Essex Farm Note

Week 11, 2018
Cold and snowy, just five days before the first day of spring. Temperatures are
supposed to dip into the single digits this weekend. At least the snow will help
protect the garlic, scallions, strawberries and rhubarb from the soil-heaving freeze-
thaw cycles that can be so hard on them. As for sugaring season, we have no
complaints about the weather whatsoever. The runs have been frequent and strong.
We collected so much sap this week we ran out of room around the evaporator and
had to store it temporarily in the spare bulk tank. We’ve finished and canned 75
gallons of syrup so far with another 15 gallons in the pan. The sugar content
remains a low 1%, so there is a lot of work – and a lot of firewood – in every gallon,
which is a reminder to treat the finished product like the luxury it is. We usually
keep a pot of sap boiling on the woodstove in our house this time of year, just for
fun, and as the snow came down hard early on Wednesday morning, the house was
suddenly full of a strong dark delicious caramel smell. We’d lost track of the sap, and
it had boiled right through syrup phase, and was quickly heading toward candy. Our
kids know that smell well. “Sugar on snow!” they yelled, and ran outside, barefoot, to
scoop up bowls of clean snow. Mark poured the bubbling thick syrup onto the snow
in strips that hardened into stretchy, chewy maple candy. That, plus it was a snow
day. Could it get any better when you are 7 and 10? You can make sugar on snow for
yourself, on purpose, by boiling syrup carefully until a candy thermometer reads
234 degrees. It’ll want to foam and boil over, so put a dab of butter in it, and keep a
close eye on it. When it reaches temperature, pour it in ribbons over packed snow. It
should firm up immediately. Many thanks to the whole crew, and especially Katie
Culpepper and Chris McConnell, for extra hours in the sugarbush and at the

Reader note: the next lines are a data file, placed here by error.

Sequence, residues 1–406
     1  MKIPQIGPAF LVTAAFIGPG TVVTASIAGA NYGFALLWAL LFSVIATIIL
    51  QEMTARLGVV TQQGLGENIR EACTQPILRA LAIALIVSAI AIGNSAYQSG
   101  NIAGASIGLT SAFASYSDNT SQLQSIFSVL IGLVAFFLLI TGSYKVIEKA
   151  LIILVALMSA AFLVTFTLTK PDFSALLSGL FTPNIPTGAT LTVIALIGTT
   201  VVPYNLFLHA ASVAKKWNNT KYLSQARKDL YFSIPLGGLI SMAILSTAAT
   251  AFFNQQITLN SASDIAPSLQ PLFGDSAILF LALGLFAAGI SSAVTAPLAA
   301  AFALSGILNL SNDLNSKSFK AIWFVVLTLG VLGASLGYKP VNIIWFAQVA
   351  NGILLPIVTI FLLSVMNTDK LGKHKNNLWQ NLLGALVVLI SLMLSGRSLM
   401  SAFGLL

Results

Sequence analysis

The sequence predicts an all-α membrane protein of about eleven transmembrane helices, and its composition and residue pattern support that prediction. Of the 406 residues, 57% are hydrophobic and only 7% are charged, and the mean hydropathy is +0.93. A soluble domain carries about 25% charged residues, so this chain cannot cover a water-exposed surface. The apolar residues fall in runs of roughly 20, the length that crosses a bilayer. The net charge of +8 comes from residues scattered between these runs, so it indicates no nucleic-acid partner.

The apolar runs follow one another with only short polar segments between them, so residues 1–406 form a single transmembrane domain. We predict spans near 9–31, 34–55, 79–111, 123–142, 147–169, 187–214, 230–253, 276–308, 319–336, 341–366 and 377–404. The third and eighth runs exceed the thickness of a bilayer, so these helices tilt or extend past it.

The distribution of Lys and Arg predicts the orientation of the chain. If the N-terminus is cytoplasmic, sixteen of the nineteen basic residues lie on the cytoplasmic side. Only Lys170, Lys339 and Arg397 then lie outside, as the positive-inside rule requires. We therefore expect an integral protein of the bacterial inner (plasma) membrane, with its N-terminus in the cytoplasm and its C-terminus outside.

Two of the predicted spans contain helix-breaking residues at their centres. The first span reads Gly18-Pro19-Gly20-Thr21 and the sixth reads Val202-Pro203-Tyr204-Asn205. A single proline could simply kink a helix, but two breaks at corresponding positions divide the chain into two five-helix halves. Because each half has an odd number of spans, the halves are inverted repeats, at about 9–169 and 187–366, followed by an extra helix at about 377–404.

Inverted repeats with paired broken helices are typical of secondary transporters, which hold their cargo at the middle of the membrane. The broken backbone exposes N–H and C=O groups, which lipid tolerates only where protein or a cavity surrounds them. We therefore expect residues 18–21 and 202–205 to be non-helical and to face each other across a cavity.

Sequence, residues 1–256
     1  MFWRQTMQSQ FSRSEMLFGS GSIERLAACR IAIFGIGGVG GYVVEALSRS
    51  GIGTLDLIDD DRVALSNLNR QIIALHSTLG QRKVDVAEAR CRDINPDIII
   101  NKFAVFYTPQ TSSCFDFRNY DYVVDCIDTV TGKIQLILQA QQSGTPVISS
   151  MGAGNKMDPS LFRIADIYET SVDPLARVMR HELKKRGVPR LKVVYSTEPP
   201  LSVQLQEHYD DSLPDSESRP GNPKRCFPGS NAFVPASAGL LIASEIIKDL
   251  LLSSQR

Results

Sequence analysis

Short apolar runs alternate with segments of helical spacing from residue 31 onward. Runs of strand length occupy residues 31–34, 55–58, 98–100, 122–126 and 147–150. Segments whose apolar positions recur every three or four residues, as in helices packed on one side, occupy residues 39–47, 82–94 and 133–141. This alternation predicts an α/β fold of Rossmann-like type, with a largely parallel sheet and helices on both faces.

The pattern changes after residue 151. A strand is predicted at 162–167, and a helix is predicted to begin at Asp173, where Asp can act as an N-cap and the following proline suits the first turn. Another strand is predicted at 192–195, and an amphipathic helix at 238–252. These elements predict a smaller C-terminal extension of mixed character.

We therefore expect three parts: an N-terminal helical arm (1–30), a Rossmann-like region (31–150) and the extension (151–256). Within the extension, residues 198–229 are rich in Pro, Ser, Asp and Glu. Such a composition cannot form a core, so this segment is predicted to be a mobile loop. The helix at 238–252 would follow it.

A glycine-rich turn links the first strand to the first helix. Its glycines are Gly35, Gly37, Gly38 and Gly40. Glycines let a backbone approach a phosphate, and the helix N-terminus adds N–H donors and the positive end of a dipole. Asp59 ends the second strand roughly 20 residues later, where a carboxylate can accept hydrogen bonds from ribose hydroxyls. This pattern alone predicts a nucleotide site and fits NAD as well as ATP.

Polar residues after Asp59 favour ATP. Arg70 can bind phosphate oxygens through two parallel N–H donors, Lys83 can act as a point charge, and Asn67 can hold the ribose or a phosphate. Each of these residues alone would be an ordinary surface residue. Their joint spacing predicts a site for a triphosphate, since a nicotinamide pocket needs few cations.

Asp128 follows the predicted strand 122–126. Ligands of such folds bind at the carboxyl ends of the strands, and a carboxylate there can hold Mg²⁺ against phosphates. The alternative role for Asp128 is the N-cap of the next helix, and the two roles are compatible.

evaporator, and to Noah and Elijah Ives who have spent long days cutting, splitting
and stacking the firewood for next year’s syrup.

We’re waiting for Juniper to calve, hoping for a heifer. She’s one of our oldest
cows, a granddaughter to Delia, our first cow ever. When Juniper was young, she got
pushed around by the other cows, had a hard time keeping a good spot at the hay
feeder in winter, and was a low producer. The next year, she got a cow bell on her
collar, which gave her a bigger presence, and she learned how to hold her own. She
has been one of our best producers ever since.

What else? The spinach is up in South greenhouse, hooray. We have a crew
working on stringing 6 strands of high tensile wire along 25,000 feet of new
fenceline. Sam Swartzentruber brought over his handy team of crossbred horses
and a bobsled to carry the wire and heavy tools over the rough terrain, which made
things go a lot easier. Sheep shearing begins Monday – a hundred ewes this year! –
plus vaccination and hoof trimming. The quality of the wool is not good enough this
year to have it made into yarn, so we are looking for a profitable use for it, if anyone
has any leads. Don’t forget to spread the word that we’re looking for 20 new
members this spring. Did you know we post this note and a picture each week at our
website? And that’s the news from Essex Farm for this chilly 11 th
week of 2018. Find us at 518-963- 4613,, or on the farm, any
day but Sunday. –Kristin & Mark Kimball


Sugar On Snow.jpeg